Response

As Decoupling Grows, the West Risks Losing Insight Into China

A collapsing relationship could create a lost generation of experts.

A person walks past the Chinese Consulate General in San Francisco, where one Chinese researcher is taking refuge from U.S. indictments, on July 23.
A person walks past the Chinese Consulate General in San Francisco, where one Chinese researcher is taking refuge from U.S. indictments, on July 23. PHILIP PACHECO/AFP via Getty Images

As a college student studying Mandarin in the 1960s, former U.S. Deputy Assistant Secretary of State Susan Shirk once described China as “remote as the moon” and “more mysterious and isolated … than North Korea.” In 1971, Shirk had the chance to visit China for the first time, as part of a delegation of several American Ph.D. students based in Hong Kong, in advance of President Richard Nixon’s meeting with Mao Zedong.

When Shirk entered the State Department, her personal exposure to Chinese society likely gave her a better grasp of the decision-making paradigms embraced by key Chinese political and military leaders.

The world has changed significantly since 1971, and relations between the United States and China are at their lowest point in decades. In a July speech to American executives, U.S. Attorney General William Barr accused companies like Apple and Disney of “kowtowing” to China. Barr also implied that decoupling may be the only solution to protecting U.S. interests in light of an increasingly aggressive China. But while economic decoupling has gotten plenty of attention, the damaging effects of academic decoupling haven’t. Indeed, in an August article in Foreign Policy, Salvatore Babones advocated for Western universities to cut their ties in China and labeled universities as “apologists for an illiberal China.”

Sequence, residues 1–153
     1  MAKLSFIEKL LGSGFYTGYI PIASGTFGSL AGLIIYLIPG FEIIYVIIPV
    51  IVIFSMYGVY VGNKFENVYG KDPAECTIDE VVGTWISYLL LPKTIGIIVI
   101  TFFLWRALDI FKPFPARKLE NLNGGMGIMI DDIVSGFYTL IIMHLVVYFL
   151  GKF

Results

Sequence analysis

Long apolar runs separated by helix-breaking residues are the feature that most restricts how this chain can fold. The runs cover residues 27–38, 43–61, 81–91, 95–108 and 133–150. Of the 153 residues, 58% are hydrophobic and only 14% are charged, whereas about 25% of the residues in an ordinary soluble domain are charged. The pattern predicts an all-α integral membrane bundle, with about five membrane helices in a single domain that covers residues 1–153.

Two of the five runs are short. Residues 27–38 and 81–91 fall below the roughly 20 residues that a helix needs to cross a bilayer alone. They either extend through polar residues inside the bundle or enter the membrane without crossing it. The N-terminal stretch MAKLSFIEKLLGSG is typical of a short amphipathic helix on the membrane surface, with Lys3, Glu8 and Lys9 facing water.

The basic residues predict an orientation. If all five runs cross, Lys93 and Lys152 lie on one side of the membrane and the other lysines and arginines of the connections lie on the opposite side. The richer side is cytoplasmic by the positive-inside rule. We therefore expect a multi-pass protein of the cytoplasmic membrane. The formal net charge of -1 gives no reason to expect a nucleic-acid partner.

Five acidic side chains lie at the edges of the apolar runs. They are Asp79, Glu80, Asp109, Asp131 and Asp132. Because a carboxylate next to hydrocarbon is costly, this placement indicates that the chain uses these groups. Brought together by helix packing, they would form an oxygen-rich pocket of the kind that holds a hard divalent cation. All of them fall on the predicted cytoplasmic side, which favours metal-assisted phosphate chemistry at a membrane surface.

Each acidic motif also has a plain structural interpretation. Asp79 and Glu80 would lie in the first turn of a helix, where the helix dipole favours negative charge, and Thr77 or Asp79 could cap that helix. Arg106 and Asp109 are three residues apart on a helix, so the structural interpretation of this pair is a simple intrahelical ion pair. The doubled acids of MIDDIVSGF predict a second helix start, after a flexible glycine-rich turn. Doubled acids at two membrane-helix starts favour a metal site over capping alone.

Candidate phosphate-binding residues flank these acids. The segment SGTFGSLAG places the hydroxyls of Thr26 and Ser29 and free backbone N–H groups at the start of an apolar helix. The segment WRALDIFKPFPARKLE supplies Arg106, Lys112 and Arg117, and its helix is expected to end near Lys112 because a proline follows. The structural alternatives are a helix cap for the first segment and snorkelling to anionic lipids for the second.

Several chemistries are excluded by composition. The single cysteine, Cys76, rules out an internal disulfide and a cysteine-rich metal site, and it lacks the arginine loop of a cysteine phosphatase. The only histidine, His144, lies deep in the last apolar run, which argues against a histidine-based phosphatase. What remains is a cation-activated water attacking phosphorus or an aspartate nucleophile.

Advocating for broader academic decoupling between China and the West may be dangerous and self-defeating.

As Babones rightfully points out, Confucius Institutes have been credibly accused of hindering academic freedom in liberal democracies, likely promote the spread of disinformation and help legitimize the Chinese Communist Party (CCP), and should justly be designated as Chinese foreign missions. But advocating for broader academic decoupling between China and the West may be dangerous and self-defeating. China tends to commit to a policy of proportional retaliation in response to economic sanctions and media activity restrictions—even if it began the cycle in the first place. If a significant number of Western universities suspend their research partnerships with China and place further restrictions on Chinese students, the CCP will likely retaliate, terminating many Western academic exchange and study abroad programs.